Viewing: The Desert - View All Posts

STUMBLING-BLOCK OF THE UNCERTAIN 



"There is no way that writers can be tamed and rendered civilized or even cured. The only solution known to science is to provide the patient with an isolation room, where he can endure the acute stages in private and where food can be poked in to him with a stick."
~Robert A. Heinlein

"If isolation tempers the strong, it is the stumbling-block of the uncertain."
~Paul Cezanne

"A good artist should be isolated. If he isn't isolated, something is wrong."
~Orson Welles

WARM VALLEY ~ DM on Farmer's Masterpiece 



Art Farmer made over 200 recordings, many of them brilliant, but to my ears his masterpiece is
Warm Valley on the Concord label. Art was at the top of his game, and the tunes he picked for the date are perfect showcases for the effortless logic of his improvisations. His band on the recording was one of his best, and they all give great performances. Akira Tana's playing on "Three Little Words," for example, is absolutely killing.

ARIZONA ~ DM on the Desert 



When I was twelve, my Dad and I moved west from Georgia to Arizona. I spent my formative years there, and I still feel a strong connection to the landscape.

The desert gives you a perspective. It calms your spirit and invites contemplation, in much the same way that the ocean does in California. Play your horn into those canyons and foothills, and you'll experience for yourself the Japanese concept of ma, the sacred silence between sounds.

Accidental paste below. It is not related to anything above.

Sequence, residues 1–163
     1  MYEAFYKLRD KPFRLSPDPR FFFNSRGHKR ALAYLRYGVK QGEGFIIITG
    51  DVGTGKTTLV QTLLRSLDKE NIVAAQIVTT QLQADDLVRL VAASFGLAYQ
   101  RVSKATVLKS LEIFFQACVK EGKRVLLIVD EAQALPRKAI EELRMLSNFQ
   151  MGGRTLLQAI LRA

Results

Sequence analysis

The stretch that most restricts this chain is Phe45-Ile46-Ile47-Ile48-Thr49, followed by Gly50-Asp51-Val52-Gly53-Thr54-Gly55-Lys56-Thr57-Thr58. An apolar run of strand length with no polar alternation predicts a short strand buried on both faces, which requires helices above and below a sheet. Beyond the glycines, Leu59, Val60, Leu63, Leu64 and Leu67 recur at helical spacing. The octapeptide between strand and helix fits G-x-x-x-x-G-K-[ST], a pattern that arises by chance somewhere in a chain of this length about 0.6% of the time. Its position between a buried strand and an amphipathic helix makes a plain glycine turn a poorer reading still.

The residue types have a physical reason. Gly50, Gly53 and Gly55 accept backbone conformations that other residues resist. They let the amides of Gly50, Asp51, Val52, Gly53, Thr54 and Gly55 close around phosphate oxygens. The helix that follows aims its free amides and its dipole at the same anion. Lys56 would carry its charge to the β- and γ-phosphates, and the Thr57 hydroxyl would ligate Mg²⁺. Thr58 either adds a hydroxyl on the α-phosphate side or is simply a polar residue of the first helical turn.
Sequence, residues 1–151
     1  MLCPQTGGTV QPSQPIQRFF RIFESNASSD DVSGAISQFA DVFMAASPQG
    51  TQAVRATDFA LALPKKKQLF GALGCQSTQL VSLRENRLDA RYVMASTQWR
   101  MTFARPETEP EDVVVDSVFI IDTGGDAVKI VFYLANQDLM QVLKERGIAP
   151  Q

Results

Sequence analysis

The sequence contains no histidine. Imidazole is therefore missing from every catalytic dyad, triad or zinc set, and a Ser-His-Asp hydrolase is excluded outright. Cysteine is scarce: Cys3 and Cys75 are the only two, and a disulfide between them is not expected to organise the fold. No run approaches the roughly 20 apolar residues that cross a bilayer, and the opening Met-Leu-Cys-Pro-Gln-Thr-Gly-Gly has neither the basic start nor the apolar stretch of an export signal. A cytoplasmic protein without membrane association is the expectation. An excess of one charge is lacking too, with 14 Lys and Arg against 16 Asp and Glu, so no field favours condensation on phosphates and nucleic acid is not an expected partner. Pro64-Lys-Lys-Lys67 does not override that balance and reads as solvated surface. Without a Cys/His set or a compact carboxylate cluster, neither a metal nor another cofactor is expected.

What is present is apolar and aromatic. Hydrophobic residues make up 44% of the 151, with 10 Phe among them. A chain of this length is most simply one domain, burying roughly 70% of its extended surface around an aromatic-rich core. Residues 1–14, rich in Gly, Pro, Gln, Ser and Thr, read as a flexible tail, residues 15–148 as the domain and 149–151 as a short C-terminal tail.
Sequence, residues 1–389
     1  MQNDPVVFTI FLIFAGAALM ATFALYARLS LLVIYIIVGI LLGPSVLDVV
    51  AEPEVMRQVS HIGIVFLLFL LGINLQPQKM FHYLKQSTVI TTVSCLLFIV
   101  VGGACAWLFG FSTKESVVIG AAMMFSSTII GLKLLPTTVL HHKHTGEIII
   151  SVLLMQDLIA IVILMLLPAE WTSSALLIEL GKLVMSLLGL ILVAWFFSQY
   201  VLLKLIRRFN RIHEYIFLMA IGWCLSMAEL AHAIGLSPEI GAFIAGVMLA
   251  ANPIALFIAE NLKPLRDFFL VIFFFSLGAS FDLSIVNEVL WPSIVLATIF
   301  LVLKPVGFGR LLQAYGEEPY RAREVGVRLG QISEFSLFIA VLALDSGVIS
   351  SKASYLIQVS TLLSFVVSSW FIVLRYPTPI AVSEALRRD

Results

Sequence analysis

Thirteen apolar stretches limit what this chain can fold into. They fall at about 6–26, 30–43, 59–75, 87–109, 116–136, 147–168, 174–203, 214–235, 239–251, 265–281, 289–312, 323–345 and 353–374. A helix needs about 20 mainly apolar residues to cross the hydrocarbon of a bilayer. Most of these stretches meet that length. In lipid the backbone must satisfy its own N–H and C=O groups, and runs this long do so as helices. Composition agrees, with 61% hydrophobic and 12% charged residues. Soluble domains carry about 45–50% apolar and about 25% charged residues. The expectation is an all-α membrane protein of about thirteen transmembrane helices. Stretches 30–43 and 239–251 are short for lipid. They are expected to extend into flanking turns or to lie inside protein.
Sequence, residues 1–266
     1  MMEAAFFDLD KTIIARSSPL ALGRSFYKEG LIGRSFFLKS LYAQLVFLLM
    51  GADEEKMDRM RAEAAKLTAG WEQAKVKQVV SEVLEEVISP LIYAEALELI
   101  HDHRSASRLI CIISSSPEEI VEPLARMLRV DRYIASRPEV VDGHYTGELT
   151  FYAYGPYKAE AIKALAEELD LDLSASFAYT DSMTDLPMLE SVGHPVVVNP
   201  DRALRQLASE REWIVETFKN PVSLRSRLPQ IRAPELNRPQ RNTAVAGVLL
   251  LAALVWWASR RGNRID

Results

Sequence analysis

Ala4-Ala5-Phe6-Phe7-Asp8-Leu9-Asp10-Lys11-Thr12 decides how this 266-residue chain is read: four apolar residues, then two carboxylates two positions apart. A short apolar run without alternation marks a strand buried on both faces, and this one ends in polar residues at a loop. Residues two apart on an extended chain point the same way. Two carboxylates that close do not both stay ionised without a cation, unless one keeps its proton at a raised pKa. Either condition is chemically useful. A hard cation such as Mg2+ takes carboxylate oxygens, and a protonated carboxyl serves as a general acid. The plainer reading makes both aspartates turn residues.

SAGUARO by Brenda Hillman 
















Often visitors there, saddened  
by lack of trees, go out  
to a promontory.

Then, backed by the banded  
sunset, the trail  
of the Conquistadores,

the father puts on the camera,  
the leather albatross,  
and has the children

imitate saguaros. One
at a time they stand there smiling,  
fingers up like the tines of a fork

while the stately saguaro  
goes on being entered
by wrens, diseases, and sunlight.

The mother sits on a rock,  
arms folded
across her breasts. To her

the cactus looks scared,  
its needles
like hair in cartoons.

With its arms in preacher  
or waltz position,  
it gives the impression

of great effort
in every direction,  
like the mother.

Thousands of these gray-green  
cacti cross the valley:  
nature repeating itself,

children repeating nature,  
father repeating children  
and mother watching.

Later, the children think  
the cactus was moral,
had something to teach them,

some survival technique  
or just regular beauty.
But what else could it do?

The only protection  
against death
was to love solitude.

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